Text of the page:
Master of Forest Conservation students head north for their annual Winter Field Tour
When the weather in the city is at its most frigid, master’s students in the Daniels Faculty’s forestry program head north, to parts of Ontario where the air is even colder. The Winter Field Tour is an annual tradition that has been happening for two decades. Master of Forest Conservation students go on a weekend-long trip that includes visits to research forests, lectures from forestry experts, and opportunities to relax and enjoy nature. Here are a few photos from this year’s outing.
The first stop was Huntsville, where students paid a visit to Westwind Forest Stewardship, a nonprofit that manages logging activity in a 1.3-million hectare swath of Crown land west of Algonquin Provincial Park. Here, Daniels students are learning about Westwind’s conservation efforts from forester Margaret Scott and senior forest technician Larry Jardine:
The students bunked for the weekend at the Canadian Ecology Centre, the home base of the Canadian Institute of Forestry. There, they attended lectures by experts like John Pineau, a “provincial leader” for the forest technology nonprofit FPInnovations:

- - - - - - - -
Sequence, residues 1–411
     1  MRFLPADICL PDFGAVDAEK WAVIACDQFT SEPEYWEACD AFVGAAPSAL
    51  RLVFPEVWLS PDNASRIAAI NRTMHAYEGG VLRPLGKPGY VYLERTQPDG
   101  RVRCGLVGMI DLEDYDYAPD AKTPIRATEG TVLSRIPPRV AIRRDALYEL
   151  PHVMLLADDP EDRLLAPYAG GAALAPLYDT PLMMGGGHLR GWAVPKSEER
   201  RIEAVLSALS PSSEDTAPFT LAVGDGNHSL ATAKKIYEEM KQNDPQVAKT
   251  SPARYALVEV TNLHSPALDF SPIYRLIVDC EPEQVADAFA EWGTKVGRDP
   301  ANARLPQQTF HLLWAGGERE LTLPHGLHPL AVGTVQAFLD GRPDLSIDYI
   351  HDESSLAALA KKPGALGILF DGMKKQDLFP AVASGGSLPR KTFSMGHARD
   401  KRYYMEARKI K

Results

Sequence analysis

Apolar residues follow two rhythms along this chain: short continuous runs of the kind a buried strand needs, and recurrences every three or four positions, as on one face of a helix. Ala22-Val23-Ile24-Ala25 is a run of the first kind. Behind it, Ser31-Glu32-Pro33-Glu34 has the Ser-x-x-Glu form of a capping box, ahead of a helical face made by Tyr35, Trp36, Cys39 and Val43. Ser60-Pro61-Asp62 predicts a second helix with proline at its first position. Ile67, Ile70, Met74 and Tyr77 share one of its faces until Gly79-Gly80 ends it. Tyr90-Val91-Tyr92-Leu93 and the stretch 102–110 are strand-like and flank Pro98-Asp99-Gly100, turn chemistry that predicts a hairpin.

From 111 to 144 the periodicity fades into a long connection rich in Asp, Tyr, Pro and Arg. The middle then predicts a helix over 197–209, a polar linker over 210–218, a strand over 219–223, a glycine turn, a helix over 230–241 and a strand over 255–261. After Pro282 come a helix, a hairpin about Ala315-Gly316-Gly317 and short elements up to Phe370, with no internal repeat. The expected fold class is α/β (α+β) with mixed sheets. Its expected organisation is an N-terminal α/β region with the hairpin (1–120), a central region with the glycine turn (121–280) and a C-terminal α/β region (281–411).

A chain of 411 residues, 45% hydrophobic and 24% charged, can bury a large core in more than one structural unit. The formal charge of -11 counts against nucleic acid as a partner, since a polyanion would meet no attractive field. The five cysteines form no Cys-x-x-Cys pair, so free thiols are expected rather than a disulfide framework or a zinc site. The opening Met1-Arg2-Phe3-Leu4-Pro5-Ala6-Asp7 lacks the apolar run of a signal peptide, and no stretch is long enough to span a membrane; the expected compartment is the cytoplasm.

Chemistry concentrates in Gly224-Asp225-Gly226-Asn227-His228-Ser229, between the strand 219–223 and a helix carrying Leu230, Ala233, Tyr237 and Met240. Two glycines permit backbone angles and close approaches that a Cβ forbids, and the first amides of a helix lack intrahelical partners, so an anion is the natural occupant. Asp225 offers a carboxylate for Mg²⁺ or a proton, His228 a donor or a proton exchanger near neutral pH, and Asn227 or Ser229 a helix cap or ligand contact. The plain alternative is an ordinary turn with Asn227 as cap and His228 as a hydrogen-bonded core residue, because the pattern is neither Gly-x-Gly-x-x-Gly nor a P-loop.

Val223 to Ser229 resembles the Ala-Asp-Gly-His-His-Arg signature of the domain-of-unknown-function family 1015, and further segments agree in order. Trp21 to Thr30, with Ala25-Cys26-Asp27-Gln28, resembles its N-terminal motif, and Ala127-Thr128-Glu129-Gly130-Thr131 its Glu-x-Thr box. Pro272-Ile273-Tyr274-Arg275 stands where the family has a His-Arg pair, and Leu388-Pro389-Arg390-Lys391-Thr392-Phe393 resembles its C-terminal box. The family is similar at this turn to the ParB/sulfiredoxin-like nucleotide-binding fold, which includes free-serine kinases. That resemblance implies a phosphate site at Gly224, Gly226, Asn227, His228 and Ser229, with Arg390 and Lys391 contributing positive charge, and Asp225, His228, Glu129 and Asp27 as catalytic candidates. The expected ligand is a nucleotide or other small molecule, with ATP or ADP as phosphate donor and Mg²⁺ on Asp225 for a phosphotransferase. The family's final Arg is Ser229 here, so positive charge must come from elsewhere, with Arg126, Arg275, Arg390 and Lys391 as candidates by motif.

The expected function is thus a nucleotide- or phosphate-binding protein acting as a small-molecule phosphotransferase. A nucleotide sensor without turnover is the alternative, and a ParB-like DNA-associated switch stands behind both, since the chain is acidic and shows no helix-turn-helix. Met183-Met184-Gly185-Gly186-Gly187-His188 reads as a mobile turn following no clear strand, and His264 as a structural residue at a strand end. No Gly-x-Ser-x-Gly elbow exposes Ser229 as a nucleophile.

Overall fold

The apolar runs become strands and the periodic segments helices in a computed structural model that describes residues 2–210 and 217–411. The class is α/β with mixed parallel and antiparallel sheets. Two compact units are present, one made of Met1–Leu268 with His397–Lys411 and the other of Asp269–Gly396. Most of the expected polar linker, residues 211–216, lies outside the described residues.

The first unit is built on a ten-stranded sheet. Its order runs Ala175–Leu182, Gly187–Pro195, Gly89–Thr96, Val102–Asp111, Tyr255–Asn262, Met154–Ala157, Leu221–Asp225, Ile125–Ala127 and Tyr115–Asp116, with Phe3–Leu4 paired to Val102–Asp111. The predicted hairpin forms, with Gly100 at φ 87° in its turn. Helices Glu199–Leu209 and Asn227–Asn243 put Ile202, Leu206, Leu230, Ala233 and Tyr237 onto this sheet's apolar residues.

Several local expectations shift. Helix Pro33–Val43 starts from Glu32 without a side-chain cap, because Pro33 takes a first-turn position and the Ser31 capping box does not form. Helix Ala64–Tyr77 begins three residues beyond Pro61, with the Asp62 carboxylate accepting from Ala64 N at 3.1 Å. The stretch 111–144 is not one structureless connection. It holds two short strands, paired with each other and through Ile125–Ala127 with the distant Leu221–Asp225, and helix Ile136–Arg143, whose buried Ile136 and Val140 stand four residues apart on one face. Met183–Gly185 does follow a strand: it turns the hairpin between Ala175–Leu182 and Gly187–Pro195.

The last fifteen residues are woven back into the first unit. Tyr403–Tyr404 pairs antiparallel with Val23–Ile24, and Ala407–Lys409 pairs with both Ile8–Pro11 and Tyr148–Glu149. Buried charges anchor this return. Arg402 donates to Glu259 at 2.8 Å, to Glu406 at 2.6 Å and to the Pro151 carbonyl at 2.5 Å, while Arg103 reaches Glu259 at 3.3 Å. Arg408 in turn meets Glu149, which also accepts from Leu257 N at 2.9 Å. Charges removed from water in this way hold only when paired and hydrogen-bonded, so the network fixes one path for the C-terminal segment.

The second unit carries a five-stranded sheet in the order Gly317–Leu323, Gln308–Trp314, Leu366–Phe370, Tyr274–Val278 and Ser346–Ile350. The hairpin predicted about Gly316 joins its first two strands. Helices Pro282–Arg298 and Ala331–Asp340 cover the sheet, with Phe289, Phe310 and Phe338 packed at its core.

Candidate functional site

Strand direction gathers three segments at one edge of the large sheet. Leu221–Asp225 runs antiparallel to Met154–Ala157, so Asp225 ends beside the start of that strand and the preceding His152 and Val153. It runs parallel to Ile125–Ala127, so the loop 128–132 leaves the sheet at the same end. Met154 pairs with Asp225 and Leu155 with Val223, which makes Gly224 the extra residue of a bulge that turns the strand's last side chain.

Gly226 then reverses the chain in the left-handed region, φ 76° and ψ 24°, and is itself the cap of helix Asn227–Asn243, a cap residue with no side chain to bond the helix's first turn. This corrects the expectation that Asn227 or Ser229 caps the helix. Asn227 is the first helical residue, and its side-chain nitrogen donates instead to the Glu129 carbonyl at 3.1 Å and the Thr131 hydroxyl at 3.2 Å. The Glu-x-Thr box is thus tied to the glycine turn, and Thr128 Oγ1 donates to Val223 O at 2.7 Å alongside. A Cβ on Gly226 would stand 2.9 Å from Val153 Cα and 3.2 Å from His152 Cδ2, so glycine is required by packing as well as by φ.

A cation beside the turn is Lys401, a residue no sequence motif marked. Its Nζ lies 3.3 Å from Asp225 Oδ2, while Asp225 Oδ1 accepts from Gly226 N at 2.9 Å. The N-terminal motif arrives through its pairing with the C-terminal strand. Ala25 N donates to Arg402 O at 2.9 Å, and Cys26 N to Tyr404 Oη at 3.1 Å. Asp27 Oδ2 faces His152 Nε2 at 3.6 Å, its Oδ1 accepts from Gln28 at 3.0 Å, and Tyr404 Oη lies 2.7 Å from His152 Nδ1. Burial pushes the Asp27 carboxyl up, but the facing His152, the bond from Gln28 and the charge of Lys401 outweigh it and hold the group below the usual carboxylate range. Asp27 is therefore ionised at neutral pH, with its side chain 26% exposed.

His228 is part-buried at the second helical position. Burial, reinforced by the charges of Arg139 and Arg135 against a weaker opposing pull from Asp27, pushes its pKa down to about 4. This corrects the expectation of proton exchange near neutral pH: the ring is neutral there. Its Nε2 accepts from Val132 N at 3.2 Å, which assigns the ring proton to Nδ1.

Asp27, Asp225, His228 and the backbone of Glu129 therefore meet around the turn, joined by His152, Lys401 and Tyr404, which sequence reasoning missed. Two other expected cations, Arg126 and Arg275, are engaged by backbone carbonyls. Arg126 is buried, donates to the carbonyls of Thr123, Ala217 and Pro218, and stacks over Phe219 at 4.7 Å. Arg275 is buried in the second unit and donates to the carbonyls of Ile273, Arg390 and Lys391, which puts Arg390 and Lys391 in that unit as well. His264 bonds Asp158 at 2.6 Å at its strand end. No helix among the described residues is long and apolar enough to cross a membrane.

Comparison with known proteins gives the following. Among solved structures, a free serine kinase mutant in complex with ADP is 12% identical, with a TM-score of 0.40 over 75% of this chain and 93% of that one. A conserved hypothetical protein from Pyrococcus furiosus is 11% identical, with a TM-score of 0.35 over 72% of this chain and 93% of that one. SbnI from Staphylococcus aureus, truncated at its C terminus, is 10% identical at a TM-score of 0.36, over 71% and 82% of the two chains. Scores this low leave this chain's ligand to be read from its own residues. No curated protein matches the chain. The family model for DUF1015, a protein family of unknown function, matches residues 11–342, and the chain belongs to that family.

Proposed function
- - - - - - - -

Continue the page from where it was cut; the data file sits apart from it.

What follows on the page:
The following day, the group went to Petawawa Research Forest, which is an open-air laboratory for research on trees and forests. In this photo, students are exploring “plot number one,” the oldest research plot in the forest, established in 1918. “The students learned a lot about what the forest looked like after going through different cycles of logging and different forest management,” says Tony Ung, a research technician in the Daniels forestry program:
Each night of the trip, there was a campfire back at the Canadian Ecology Centre. The person with the guitar in this photo is John Pineau, who sang folk songs about the history of the Mattawa River area, where the centre is located:
On the final day, the group made a trip to North Bay, where they visited Fur Harvesters Auction Inc., a facility where fur trappers and ranchers come to auction their goods. It was a chance to learn about Canada’s oldest forest industry:
And there was a (very expensive) polar bear rug: